Indigenous cases of leprosy found in the United States

An armadillo in the Southern United States. Armadillos are the only other known carriers of leprosy bacilli, but cross-species contamination remains rare. Credit: Heidi and Hans-Jürgen Koch/heidihanskoch.com

Using advanced DNA analysis and extensive field work, an international research team has confirmed the link between leprosy infection in Americans and direct contact with armadillos. In a joint collaboration between the Global Health Institute at EPFL in Switzerland and Louisiana State University, clear evidence was found that a never-before-seen strain of Mycobacterium leprae has emerged in the Southern United States and that it is transmitted through contact with armadillos carrying the disease. The results will be published on April 28th in the New England Journal of Medicine.

There are only around 150 cases of in the each year. Most of these victims have worked abroad in areas in which leprosy is endemic, making it likely that they may have acquired the disease while outside the US. But, to the alarm of health authorities, a third of all patients infected appear to have contracted the disease locally. The hypothesis that the disease is transmitted though contact with armadillos—aside from humans, the only other known carriers of the leprosy-causing bacteria—was confirmed by fine-grained of both armadillo and human samples done at EPFL.

Leprosy bacilli found in armadillos

It has been known since the 1970s that armadillos are potential carriers of the disease, most likely introduced by European immigrants 500 years ago. But the current study shows inter-species contamination and the presence of a unique strain. "There is a very strong association between the geographic location of the presence of this particular strain of M. leprae and the presence of armadillos in the Southern US," explains Stewart Cole, head of the Global Health Institute in Lausanne and world-leader in the field of genomics of leprosy bacilli. "Our research provides clear DNA evidence that the unique strain found in armadillos is the same as the one in certain humans."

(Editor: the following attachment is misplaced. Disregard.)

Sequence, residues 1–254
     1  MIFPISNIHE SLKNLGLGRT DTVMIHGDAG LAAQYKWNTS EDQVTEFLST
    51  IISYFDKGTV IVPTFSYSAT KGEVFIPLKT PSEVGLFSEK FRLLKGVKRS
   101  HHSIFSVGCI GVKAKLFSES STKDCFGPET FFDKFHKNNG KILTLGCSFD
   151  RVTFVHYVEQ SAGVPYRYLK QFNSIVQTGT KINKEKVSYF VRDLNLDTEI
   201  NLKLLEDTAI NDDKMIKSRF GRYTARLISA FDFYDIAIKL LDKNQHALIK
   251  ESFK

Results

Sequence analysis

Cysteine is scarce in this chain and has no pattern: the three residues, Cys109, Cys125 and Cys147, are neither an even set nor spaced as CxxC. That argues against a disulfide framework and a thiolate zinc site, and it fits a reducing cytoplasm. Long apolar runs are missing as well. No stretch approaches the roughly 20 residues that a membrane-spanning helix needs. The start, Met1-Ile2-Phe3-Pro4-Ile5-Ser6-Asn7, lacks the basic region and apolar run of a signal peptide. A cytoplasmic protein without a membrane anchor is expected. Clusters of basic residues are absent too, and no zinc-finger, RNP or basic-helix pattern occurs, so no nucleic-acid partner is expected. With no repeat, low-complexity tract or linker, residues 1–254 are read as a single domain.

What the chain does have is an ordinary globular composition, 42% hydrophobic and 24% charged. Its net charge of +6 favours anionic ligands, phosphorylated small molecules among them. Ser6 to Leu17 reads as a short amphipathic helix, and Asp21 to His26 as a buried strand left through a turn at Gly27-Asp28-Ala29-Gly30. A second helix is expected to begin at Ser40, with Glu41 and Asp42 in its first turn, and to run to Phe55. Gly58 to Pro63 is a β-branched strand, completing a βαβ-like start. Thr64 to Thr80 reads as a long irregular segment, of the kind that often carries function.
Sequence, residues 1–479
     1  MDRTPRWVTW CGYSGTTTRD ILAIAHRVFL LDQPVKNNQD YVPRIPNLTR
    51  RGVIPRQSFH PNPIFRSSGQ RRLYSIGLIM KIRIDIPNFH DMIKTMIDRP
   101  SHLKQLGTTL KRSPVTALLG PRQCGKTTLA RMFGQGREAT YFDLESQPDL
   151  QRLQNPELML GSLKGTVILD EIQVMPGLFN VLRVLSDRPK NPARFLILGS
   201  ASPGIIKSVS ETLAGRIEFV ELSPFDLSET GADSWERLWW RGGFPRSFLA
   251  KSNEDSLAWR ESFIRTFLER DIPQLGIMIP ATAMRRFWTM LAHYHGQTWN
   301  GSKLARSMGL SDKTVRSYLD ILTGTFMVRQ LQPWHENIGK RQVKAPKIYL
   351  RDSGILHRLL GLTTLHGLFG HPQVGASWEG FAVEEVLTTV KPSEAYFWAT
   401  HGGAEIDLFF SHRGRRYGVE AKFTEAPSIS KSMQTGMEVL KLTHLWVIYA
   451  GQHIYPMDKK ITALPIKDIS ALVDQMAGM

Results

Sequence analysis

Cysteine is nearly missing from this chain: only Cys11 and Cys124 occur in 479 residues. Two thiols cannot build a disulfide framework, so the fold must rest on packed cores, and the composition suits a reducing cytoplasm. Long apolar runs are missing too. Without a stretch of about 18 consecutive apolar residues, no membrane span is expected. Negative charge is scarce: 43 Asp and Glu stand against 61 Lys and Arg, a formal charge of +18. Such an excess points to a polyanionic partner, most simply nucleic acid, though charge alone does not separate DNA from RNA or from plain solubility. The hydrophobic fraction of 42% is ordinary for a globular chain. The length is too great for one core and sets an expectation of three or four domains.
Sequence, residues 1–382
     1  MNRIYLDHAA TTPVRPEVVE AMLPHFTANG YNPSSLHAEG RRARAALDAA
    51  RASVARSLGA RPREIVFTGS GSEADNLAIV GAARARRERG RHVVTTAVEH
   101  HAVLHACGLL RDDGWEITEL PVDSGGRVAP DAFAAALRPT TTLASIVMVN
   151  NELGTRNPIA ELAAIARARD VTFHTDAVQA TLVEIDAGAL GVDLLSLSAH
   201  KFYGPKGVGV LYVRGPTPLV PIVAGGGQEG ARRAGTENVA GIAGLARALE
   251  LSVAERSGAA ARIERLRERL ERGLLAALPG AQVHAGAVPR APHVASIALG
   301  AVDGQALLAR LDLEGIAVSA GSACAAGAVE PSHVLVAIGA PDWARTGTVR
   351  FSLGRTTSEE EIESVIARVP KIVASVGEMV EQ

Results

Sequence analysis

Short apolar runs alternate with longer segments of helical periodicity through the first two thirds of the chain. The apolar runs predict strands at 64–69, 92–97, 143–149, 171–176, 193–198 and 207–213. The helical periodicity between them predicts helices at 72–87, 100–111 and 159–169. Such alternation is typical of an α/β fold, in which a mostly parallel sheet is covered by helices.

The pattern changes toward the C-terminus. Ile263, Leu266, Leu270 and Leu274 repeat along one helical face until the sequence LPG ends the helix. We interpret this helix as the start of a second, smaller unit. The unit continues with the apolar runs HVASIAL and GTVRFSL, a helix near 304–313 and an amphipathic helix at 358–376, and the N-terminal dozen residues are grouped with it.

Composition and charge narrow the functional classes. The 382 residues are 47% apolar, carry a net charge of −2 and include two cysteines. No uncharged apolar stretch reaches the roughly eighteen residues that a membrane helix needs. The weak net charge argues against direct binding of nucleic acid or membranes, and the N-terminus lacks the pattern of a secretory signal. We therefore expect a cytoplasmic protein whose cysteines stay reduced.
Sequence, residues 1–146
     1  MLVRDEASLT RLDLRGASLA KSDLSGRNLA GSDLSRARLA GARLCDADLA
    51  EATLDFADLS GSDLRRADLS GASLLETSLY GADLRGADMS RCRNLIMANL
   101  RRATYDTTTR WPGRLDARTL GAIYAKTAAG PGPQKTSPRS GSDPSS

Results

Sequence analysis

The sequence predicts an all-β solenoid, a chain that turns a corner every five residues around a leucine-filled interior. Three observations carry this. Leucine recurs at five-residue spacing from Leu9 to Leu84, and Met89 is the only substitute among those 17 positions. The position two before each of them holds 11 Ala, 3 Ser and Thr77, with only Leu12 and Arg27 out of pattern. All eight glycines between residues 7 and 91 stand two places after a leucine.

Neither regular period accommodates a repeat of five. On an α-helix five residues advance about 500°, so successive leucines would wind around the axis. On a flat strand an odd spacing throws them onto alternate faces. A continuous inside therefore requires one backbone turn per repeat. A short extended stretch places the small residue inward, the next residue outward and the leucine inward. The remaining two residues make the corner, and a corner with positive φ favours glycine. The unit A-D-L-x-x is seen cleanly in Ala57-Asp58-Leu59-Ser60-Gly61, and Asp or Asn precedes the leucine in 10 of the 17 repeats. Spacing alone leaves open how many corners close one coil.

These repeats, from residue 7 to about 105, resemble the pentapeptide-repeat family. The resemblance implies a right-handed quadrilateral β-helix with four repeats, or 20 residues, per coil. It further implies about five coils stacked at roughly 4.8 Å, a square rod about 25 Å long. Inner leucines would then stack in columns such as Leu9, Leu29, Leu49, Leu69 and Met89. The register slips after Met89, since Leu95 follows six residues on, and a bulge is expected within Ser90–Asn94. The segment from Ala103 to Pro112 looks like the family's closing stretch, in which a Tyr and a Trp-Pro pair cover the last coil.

The study included 33 wild armadillos known to have the disease and 50 leprosy patients. The new strain of the bacteria, named 3I, was found in 28 armadillos and in 22 patients who reported no foreign residence. The researchers used genome sequencing to identify the new strain and cross check it with other known strains from Europe, Brazil and Asia, and used genotyping to identify and classify the population infected. It became clear that leprosy patients who never travelled outside the US but lived in areas where infected armadillos are prevalent were infected with the same strain as the armadillos. These findings prompted the researchers to state in the article that "Frequent direct contact with armadillos and cooking and consumption of armadillo meat should be discouraged." The study also suggests that armadillo range expansion should be monitored.

It is not known exactly why armadillos contract and carry leprosy. While their low body temperature (89° F / 32° C) makes them perfect incubators for the bacteria, which grow in temperatures between 86° F and 89° F (30° C to 32° C), there are almost certainly other factors such as immune deficiency that also play a role. Similarly, the bacteria attack the extremities of humans because our core body temperature is too high for a generalized infection, and over 90% of humans who come into direct contact with the disease spontaneously fight it off. "The last thing we want is to induce panic in the population and incite a slaughter of armadillos. The best way to combat further infection is though education and prudence," says Cole.

The stigma of leprosy

José Ramirez, a former migrant worker from Houston who contracted the disease after hunting and eating armadillo meat and took part in the study, has consecrated his life to combating social stigmas. He hopes that the study brings to light the stigma attached to leprosy. "We need to take this opportunity to give leprosy patients a voice and to learn to not use the word 'leper' that has negative connotations around the world, a stigma that should be replaced with an understanding of the disease and its causes." Ramirez, who struggled over five years with the disease before it was properly diagnosed, is now disease-free after receiving antibiotic treatment. Proving what few know to be true—that leprosy is a bacterial infection that can be cured.


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More information: "Probable Zoonotic Leprosy in the Southern United States," Authors: Richard W. Truman, Ph.D., Pushpendra Singh, Ph.D., Rahul Sharma, Ph.D., Philippe Busso, Jacques Rougemont, Ph.D., Alberto Paniz-Mondolfi, M.D., Adamandia Kapopoulou, M.S., Sylvain Brisse, Ph.D., David M. Scollard, M.D., Ph.D., Thomas P. Gillis, Ph.D., and Stewart T. Cole, Ph.D. New England Journal of Medicine, April 28, 2011. www.nejm.org/doi/full/10.1056/NEJMoa1010536

Provided by Ecole Polytechnique Federale de Lausanne

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